UN Security Council demands ‘unconditional’ access to decaying Yemen tanker

Members of the Security Council on Friday called on the Iran-backed Houthis to immediately give access to UN experts to the decaying Safer tanker in the Red Sea. (File/AFP)
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Updated 17 October 2020

UN Security Council demands ‘unconditional’ access to decaying Yemen tanker

  • Recent images showing water leaking into the decaying Safer tanker off the Yemeni western city of Hodeidah have triggered international uproar
  • Diplomats warned that the tanker’s cargo would cause a major disaster in the Red Sea if the tanker collapsed

AL-MUKALLA: Members of the Security Council on Friday called on the Iran-backed Houthis to immediately give access to UN experts to the decaying Safer tanker in the Red Sea.
“The members of the Security Council recognized the grave threat posed by the Safer oil tanker, whose dire and dilapidated condition risks an environmental, economic and humanitarian catastrophe to Yemen and the region, and they called on the Houthis to urgently facilitate unconditional and safe access for UN experts to conduct an assessment and repair mission,” the members said in a joint statement.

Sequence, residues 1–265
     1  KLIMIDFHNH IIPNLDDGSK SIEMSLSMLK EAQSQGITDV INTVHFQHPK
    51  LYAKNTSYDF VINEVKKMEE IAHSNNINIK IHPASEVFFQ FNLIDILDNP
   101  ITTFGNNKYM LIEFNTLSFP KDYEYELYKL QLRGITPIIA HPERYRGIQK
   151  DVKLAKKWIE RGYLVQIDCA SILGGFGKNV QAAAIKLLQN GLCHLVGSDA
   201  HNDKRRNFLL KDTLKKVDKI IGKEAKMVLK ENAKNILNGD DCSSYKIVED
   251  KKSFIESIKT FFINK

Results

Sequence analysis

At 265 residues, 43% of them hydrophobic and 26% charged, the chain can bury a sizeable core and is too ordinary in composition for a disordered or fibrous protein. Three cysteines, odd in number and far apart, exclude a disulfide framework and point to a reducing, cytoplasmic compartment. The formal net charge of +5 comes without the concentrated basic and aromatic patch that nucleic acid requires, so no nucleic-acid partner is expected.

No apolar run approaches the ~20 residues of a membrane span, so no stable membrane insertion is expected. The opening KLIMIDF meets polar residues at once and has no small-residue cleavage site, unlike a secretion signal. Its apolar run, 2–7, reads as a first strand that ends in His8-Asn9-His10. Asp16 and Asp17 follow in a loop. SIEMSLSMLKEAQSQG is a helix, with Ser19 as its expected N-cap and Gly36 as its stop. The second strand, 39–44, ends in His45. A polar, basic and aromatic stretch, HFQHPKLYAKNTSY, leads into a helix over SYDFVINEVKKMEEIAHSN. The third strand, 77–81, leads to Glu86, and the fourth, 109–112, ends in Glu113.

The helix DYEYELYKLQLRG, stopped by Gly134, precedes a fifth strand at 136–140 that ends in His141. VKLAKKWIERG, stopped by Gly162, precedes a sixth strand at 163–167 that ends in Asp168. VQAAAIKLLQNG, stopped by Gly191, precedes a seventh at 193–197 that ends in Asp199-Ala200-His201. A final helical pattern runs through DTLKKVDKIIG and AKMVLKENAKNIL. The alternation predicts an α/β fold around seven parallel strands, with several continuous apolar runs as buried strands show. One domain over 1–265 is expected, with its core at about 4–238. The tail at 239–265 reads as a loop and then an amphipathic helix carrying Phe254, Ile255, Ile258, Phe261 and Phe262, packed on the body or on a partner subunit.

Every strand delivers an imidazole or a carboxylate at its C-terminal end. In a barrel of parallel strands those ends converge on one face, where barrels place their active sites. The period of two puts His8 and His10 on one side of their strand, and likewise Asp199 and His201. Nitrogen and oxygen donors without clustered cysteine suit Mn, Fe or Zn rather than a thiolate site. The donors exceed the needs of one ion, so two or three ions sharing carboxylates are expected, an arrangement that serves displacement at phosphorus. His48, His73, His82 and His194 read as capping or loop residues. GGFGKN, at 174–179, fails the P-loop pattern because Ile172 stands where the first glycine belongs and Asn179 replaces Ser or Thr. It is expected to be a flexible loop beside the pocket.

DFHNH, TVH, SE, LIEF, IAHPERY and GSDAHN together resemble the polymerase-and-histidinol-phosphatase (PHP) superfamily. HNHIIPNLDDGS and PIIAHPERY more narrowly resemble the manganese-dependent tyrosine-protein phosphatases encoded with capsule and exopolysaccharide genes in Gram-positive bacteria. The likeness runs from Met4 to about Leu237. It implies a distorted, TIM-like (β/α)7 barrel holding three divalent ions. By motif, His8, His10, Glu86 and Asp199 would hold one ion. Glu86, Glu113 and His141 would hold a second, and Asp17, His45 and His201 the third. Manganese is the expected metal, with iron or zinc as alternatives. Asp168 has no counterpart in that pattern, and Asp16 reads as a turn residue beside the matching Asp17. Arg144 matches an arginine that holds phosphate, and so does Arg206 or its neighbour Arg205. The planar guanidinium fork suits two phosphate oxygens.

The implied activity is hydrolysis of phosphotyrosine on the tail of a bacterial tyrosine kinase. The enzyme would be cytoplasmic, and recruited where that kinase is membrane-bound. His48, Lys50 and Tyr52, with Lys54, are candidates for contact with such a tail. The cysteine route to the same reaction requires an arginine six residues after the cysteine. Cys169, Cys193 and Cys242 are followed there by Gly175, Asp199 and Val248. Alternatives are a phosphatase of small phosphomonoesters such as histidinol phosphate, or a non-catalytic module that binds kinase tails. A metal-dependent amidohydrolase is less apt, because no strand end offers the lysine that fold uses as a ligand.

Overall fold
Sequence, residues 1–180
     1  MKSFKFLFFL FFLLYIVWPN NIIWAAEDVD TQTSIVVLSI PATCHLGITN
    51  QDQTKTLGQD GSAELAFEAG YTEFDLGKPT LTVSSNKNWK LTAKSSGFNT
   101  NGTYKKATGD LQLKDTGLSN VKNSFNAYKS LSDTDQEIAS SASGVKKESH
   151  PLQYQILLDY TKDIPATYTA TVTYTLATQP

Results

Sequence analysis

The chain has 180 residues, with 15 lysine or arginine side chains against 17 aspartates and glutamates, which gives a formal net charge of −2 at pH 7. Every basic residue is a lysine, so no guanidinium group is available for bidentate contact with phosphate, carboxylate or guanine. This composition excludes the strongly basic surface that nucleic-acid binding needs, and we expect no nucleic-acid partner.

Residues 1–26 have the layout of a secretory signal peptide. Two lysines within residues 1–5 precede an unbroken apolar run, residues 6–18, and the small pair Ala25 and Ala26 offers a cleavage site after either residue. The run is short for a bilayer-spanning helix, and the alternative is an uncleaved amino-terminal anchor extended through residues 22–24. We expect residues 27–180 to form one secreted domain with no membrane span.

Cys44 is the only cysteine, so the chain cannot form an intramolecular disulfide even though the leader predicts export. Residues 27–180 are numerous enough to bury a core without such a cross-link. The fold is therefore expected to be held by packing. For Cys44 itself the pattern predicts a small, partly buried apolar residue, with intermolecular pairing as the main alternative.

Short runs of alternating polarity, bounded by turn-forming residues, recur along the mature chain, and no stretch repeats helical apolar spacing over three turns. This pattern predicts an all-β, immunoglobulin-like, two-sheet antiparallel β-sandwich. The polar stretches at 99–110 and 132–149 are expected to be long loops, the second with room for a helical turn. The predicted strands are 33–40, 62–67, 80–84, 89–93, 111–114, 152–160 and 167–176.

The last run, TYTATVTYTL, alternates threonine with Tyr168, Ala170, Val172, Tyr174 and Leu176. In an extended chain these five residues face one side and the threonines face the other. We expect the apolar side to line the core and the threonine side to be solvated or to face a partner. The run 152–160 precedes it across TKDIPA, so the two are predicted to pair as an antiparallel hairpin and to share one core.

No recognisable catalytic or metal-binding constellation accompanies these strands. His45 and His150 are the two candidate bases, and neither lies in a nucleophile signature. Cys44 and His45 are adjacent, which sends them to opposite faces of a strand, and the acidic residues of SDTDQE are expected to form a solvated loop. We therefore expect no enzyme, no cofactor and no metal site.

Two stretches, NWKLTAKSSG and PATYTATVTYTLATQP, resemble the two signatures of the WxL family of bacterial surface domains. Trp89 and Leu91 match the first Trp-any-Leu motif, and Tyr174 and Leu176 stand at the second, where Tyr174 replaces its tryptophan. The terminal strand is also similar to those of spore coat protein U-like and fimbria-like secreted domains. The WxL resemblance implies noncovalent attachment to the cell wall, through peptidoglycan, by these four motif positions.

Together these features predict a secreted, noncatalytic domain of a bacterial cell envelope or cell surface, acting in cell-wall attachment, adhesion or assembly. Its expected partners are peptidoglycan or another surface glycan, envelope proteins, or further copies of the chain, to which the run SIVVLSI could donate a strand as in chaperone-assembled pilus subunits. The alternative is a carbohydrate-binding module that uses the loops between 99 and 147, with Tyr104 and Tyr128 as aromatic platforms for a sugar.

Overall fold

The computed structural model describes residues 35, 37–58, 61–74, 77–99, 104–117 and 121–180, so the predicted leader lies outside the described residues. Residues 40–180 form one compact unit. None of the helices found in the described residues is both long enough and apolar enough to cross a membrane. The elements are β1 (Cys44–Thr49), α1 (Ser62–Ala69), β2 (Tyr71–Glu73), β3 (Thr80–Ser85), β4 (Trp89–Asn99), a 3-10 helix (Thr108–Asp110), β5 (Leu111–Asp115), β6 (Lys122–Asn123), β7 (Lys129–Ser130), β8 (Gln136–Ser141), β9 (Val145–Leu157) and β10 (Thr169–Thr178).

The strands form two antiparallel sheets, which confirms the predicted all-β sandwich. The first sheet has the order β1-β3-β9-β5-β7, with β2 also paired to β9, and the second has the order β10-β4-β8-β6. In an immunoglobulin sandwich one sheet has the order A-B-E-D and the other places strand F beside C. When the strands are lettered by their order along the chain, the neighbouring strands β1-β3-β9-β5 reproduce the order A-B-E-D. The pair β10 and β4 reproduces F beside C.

“They welcomed the recent contributions made by Saudi Arabia, the UK, Germany, the Netherlands and France, and the mobilization of the Peace Support Facility,” the statement said thanking the countries that pledged to fund the maintenance mission.
Recent images showing water leaking into the decaying Safer tanker off the Yemeni western city of Hodeidah have triggered international uproar as environmentalists and diplomats warned that the tanker’s cargo of more than 1 million barrels of crude oil would cause a major disaster in the Red Sea if the tanker collapsed. Other experts say that a stray shell from nearby battlefields would cause an explosion more powerful than the one that rocked Beirut in August.
The Houthis have blocked vital maintenance of the tanker since 2015 and insisted on including experts from countries that did not back the Arab coalition’s military operation in the committee that could inspect the tanker.
The US has called on the Houthis to smooth the way for the UN experts to visit the tanker. “We also call for unconditional access for the UN experts to assess and repair the Safer tanker, which threatens the Red Sea and people of Yemen with catastrophic consequences, including environmental and economic damage and a severe reduction of food and aid imports,” Kelly Craft, US ambassador to the UN, said at a UN Security Council briefing on the situation in Yemen.
Yemen’s government promised to facilitate the mission of the UN experts, urging the international community to mount more pressure on the Houthis not to politicize the oil tanker. “With regard to the Safer oil tanker, the government of Yemen calls on the Security Council to assume its responsibilities and pressure the Houthis to stop politicizing the issue and immediately allow the UN teams access to the tanker to undertake assessment and repair works to avert an imminent catastrophe,” Abdullah Al-Saadi, Yemen’s permanent representative at the UN said.